BOSTON Investigators have found video of a man that they believe may have planted the deadly bombs at the Boston Marathon, a person briefed on the matter said Wednesday, saying that they had pinpointed the image on video that was captured shortly before the blast.
The possible break in the case came as investigators have pored over scores of videos and photographs that they solicited from surveillance cameras from nearby businesses, smartphone wielding marathon spectators, and television crews who were there filming the Boston Marathon when the deadly blasts went off Monday near the finish line. The revelation of the video was the first sign that the authorities might be moving closer to discovering who was behind the attacks, which killed three people and injured more than 170.
As the Boston investigation went into a third day, there were signs that the nation was jittery, and on high alert. New York City officials said there had been an increase in reports of suspicious packages. In Oklahoma City, City Hall was briefly evacuated Wednesday morning as authorities examined a stolen rental truck that was parked outside, just a few days shy of the anniversary of the 1995 bombing of the nearby Alfred P. Murrah Federal Building. (There was no bomb, officials there said.)
In Washington, parts of two Senate office buildings were shut down as officials investigated reports of suspicious letters or packages, and the Secret Service said that a letter addressed to President Barack Obama, containing a suspicious substance, had been intercepted at a screening facility outside the White House.
And in Boston, the John Joseph Moakley U.S. Courthouse was evacuated in the afternoon by officials calling out code red, and bomb-sniffing dogs were sent inside.
The courthouse was swarming with scores of journalists from around the world, who had been brought there by rumors reported early Wednesday afternoon by several news organizations but forcefully denied by the FBI and the Boston Police Department that an arrest had been made in the case.
One of those evacuated, Dave Greenup, 58, who works at a restaurant inside the courthouse, said: For the past couple days, I have been in a daze. All of a sudden, we get this evacuation thing. Every time we turn around now, theres something. I was really hoping they caught somebody. You want closure.
At about 4:15 p.m., court employees were allowed back into the courthouse.
In New York City, the Police Department has received 143 reports of suspicious packages from just after the Boston explosions to midnight Wednesday, an increase of more than 300 percent over a similar time period last year, the police commissioner, Raymond W. Kelly, said.
The previously unidentified victim of Mondays blast was described Wednesday as a young woman whose ambitions and hard work took her from her rust-belt hometown in northeast China to graduate studies at Boston University.
The woman was identified as Lu Lingzi by a classmate, a Chinese university official and a state-run newspaper in her home city. Lu, 23, had moved to Boston to study statistics at Boston University after studying international trade at the Beijing Institute of Technology, according to a resume that was posted online. In her hometown, Shenyang, The Shenyang Evening News, the state-run newspaper that announced her death, darkened its website in honor of a Shenyanger who passed away in a far-away place.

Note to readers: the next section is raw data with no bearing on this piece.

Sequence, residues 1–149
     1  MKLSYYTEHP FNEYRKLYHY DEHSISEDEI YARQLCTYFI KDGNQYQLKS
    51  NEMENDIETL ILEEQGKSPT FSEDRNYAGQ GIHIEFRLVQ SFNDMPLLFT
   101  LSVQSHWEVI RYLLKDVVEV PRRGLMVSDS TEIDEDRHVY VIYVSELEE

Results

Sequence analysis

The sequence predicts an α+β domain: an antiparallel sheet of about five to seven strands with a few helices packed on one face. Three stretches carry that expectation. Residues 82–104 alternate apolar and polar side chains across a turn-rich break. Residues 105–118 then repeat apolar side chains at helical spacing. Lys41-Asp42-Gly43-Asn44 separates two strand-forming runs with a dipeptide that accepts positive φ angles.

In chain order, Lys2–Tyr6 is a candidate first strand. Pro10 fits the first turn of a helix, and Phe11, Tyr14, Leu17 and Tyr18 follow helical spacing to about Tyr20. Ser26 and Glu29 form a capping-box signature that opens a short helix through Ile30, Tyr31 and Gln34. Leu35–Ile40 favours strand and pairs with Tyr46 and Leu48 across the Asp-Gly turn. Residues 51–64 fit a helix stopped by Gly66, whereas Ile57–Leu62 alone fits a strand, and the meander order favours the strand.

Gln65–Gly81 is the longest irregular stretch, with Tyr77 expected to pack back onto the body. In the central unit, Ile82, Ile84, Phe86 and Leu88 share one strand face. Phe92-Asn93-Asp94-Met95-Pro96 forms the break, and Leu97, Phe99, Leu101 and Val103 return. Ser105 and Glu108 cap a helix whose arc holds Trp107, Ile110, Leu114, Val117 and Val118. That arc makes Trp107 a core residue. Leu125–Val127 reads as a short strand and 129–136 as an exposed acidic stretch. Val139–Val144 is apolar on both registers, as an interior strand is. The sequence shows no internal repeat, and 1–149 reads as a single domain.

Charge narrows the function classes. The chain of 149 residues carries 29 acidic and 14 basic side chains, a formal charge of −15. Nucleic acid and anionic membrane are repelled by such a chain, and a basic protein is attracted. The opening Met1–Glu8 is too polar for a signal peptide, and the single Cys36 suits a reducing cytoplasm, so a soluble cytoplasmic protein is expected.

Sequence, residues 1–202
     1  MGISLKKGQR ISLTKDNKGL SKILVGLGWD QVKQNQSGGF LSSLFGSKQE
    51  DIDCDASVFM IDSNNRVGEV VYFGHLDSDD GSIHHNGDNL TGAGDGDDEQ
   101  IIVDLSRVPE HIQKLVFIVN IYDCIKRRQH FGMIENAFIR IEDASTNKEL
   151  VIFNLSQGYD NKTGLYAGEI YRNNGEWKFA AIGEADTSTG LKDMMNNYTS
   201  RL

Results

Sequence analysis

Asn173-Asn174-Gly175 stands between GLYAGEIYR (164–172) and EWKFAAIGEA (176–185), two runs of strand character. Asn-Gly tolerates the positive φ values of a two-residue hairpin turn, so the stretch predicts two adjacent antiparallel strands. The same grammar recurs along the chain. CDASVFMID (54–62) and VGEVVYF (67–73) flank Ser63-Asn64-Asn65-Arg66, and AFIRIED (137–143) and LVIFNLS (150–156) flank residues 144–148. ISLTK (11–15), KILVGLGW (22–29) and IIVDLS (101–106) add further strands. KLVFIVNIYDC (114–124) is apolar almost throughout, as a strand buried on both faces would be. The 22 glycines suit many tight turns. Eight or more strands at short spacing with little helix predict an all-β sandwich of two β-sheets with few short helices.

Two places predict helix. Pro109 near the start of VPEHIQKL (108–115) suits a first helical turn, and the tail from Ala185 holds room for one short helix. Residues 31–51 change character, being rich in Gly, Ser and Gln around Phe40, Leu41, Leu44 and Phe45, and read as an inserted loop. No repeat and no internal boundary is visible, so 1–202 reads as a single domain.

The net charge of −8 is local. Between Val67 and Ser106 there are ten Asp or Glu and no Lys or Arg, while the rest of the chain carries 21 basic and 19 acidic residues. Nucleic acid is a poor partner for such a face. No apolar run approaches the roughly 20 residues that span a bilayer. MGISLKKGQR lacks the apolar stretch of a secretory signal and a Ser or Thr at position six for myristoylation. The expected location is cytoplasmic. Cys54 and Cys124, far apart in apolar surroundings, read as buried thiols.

The three people killed in the blasts were a cross-section of Boston, brought together seemingly at random to watch one of the citys proud traditions: the marathon.
There was Lu, one of the thousands of international students drawn to the areas universities. There was Martin Richard, a vivacious 8-year-old third-grader from a well-loved family in Dorchester, a tight-knit community. And there was Krystle Campbell, 29, of Arlington, Mass., a hard-working woman known for her sense of humor who had started working at restaurants as a waitress in high school and now worked as a restaurant manager.
Boston prepared to mourn them at a service with Obama on Thursday.
More surgeries were scheduled for Wednesday for the victims of the bomb blasts, including eight at Boston Medical Center, officials said.
A 5-year-old boy remained in critical condition Wednesday at Boston Medical Center, Dr. Peter Burke, the chief of trauma services at the hospital said at a morning briefing. He was one of 19 patients who remain there, he said, and one of two who were in critical condition down from 10 who were in critical condition Tuesday.
Im very optimistic, Burke said, adding that it was possible that another patient or two could be discharged Wednesday. I will not be happy until theyre all home, he said.
Three children who were injured in the blast remained at Boston Childrens Hospital on Wednesday, the hospital announced: a 2-year-old boy with a head injury was listed in good condition, while a 10-year-old boy and a 9-year-old girl, both with leg injuries, were in critical condition.
A piece of the lid of one of the pressure cookers that investigators believe were used as explosive devices in the bombings was found on a rooftop near the blast, a law enforcement official said Wednesday giving a sense of the tremendous force of the explosion. On Tuesday, Law enforcement officials said the bombs were most likely rudimentary devices made from ordinary kitchen pressure cookers, except they were rigged to shoot sharp bits of shrapnel into anyone within reach of their blast and maim them severely.
The pressure cookers were filled with nails, ball bearings and black powder, and the devices were triggered by kitchen-type egg timers, one official said.